I wanted an API that I could simply invoke with security codes and required fields. And in return I wanted to be passed nicely structured data. As I've already mentioned a desire to not introduce unnecessary dependencies I thought it might well suit to make use of nested Dictionaries. I came up with a simple C# Console project / application which had a reference to the Bloomberg Open API. It contained the following class; essentially my wrapper for Open API operations: (please note this is deliberately a very "bare-bones" implementation)

The project also contained this class which demonstrates how I made use of my wrapper:

And here's what the output looked like:

This covered my bases. It was simple, it was easy to consume and it didn't require any custom types. My mini-API is only really catering for my own needs (unsurprisingly). However, there's lots more to the Bloomberg Open API and I may end up taking this further in the future if I encounter use cases that my current API doesn't cover.

Update (07/12/2012)

Finally, a PS. I found in the Open API FAQs that "Testing any of that functionality currently requires a valid Bloomberg Desktop API (DAPI), Server API (SAPI) or Managed B-Pipe subscription. Bloomberg is planning on releasing a stand-alone simulator which will not require a subscription." There isn't any word yet on this stand-alone simulator. I emailed Bloomberg at [email protected] to ask about this. They kindly replied that "Unfortunately it is not yet available. We understand that this makes testing API applications somewhat impractical, so we're continuing to work on this tool." Fingers crossed for something we can test soon!

Note to self (because I keep forgetting)

If you're looking to investigate what data is available about a security in Bloomberg it's worth typing “FLDS<GO>” into Bloomberg. This is the Bloomberg Fields Finder. Likewise, if you're trying to find a security you could try typing “SECF<GO>” into Bloomberg as this is the Security Finder.

Friday, 2 November 2012

XSD/XML Schema Generator + Xsd.exe:
Taking the pain out of manual XML

Is it 2003 again?!?

I've just discovered Xsd.exe. It's not new. Or shiny. And in fact it's been around since .NET 1.1. Truth be told, I've been aware of it for years but up until now I've not had need of it. But now now I've investigated it a bit I've found that it, combined with the XSD/XML Schema Generator can make for a nice tool to add to the utility belt.

Granted XML has long since stopped being sexy. But if you need it, as I did recently, then this is for you.

To the XML Batman!

Now XML is nothing new to me (or I imagine anyone who's been developing within the last 10 years). But most of the time when I use XML I'm barely aware that it's going on - by and large it's XML doing the heavy lifting underneath my web services. But the glory of this situation is, I never have to think about it. It just works. All I have to deal with are nice strongly typed objects which makes writing robust code a doddle.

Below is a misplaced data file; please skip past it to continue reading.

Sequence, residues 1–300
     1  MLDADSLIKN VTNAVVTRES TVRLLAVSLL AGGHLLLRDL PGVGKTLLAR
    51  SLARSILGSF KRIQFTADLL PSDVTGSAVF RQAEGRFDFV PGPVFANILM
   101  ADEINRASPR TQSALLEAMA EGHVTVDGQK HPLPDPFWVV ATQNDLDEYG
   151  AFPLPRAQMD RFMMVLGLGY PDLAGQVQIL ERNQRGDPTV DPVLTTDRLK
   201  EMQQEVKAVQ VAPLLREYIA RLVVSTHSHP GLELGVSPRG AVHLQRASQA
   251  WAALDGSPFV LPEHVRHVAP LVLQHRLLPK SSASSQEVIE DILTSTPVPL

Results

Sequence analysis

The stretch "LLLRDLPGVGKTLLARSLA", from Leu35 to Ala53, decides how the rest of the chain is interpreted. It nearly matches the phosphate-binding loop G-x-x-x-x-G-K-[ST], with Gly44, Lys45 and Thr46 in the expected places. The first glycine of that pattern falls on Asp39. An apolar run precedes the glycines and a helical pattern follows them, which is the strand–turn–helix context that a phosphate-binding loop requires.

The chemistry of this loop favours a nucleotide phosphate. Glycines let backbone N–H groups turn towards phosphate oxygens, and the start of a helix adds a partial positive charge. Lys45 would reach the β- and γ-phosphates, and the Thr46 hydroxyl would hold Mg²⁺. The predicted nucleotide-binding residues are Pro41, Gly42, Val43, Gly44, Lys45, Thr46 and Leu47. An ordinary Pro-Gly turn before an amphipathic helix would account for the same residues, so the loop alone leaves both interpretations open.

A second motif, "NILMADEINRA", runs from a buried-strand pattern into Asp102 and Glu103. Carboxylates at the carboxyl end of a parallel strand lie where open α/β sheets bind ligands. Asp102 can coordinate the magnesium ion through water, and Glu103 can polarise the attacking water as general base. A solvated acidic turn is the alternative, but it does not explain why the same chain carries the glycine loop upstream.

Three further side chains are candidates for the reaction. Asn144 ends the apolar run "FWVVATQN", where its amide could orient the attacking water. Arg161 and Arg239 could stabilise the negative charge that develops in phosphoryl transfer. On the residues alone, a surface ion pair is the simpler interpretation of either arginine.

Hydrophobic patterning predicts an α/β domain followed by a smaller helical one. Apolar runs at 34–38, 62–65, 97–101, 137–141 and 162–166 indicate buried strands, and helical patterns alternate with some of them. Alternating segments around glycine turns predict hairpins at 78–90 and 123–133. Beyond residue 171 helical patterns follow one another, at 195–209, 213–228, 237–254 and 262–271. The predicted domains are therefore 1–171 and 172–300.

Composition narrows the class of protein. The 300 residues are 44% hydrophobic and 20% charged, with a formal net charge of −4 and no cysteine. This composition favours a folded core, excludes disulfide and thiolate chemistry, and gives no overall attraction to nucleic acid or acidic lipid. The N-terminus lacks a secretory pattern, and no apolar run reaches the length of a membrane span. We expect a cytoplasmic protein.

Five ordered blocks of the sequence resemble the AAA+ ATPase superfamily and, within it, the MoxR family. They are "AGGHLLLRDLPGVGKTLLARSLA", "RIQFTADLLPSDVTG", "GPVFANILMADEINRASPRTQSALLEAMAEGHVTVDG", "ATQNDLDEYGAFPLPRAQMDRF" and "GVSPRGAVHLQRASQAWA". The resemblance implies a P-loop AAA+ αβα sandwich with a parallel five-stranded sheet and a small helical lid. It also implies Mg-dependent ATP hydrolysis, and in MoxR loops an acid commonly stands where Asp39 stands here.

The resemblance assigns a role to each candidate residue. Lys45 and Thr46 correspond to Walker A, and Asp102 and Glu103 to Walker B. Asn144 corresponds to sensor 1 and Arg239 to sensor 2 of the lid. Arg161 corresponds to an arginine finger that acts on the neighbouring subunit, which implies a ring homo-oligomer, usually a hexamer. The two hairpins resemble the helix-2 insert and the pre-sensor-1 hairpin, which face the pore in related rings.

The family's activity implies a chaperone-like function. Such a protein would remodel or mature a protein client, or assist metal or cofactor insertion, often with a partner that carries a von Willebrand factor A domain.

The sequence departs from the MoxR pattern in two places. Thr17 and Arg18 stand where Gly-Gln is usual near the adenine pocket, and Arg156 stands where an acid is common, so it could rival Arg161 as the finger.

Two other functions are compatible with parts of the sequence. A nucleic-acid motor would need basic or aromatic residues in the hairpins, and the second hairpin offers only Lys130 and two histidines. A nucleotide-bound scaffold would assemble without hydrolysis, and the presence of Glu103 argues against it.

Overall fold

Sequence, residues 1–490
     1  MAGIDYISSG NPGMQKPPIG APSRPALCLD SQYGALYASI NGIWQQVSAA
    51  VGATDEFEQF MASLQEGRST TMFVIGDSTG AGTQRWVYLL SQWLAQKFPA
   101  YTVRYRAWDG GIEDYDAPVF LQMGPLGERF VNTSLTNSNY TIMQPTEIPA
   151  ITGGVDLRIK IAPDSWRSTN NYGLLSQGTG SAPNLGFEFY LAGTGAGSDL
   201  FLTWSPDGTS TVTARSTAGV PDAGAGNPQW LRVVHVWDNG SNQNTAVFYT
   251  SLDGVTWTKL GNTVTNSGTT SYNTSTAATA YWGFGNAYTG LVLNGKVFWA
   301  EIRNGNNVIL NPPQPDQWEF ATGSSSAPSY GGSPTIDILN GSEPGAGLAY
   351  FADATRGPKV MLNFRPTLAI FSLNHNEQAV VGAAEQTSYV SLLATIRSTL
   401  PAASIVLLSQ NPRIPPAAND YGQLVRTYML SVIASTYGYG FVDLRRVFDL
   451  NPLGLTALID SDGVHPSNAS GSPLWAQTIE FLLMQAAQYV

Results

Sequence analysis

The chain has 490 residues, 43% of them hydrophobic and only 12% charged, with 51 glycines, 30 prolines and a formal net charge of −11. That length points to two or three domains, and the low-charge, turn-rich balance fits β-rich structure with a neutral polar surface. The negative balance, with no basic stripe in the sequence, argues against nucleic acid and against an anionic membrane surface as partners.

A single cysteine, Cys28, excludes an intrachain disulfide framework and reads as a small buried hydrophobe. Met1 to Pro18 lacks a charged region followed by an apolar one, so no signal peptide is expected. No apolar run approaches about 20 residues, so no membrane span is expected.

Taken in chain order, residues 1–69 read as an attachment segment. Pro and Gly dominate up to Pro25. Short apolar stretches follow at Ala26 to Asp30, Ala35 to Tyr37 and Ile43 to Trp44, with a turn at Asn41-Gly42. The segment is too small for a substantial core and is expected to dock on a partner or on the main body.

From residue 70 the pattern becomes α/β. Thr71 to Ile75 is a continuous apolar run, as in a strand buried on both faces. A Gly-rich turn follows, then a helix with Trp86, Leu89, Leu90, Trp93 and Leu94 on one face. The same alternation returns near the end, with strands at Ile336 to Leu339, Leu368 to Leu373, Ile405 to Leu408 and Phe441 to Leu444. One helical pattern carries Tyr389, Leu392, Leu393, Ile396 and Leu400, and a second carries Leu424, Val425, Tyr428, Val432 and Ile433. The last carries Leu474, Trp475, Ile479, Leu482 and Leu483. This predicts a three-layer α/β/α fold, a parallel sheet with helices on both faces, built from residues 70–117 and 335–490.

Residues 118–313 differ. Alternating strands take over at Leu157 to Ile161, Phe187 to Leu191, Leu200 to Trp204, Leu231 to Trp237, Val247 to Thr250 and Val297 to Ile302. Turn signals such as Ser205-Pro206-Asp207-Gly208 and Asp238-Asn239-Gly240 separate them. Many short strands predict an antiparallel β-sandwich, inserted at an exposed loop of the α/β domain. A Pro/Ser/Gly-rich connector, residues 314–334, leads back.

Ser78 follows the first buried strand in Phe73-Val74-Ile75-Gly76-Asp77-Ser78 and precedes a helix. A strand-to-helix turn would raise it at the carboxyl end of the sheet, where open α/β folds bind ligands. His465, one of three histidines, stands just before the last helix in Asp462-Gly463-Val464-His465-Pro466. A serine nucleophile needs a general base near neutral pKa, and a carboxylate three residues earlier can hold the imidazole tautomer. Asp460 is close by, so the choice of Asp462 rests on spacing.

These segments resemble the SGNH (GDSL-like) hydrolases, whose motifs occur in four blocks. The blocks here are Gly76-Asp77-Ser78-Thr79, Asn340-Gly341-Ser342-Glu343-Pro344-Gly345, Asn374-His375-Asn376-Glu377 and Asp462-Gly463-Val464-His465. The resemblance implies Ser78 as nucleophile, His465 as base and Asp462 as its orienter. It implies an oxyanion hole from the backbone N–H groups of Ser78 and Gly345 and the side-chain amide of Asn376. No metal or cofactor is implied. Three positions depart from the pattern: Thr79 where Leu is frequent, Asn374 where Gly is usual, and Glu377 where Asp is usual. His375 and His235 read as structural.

I recently came upon a situation where I was working with XML in the raw; that is to say strings. I was going to be supplied with strings of XML which would represent various objects. It would be my job to take the supplied XML, extract out the data I needed and proceed accordingly.

We Don't Need No Validation...

I lied!

In order to write something reliable I needed to be able to validate that the supplied XML was as I expected. So, XSD time. If you're familiar with XML then you're probably equally familar with XSD which, to quote Wikipedia "can be used to express a set of rules to which an XML document must conform in order to be considered 'valid'".

Now I've written my fair share of XSDs over the years and I've generally found it a slightly tedious exercise. So I was delighted to discover an online tool to simplify the task. It's called the XSD/XML Schema Generator. What this marvellous tool does is allow you to enter an example of your XML which it then uses to reverse engineer an XSD.

Here's an example. I plugged in this:

And pulled out this:

Fantastic! It doesn't matter if the tool gets something slightly wrong; you can tweak the generated XSD to your hearts content. This is great because it does the hard work for you, allowing you to step back, mop your brow and then heartily approve the results. This tool is a labour saving device. Put simply, it's a dishwasher.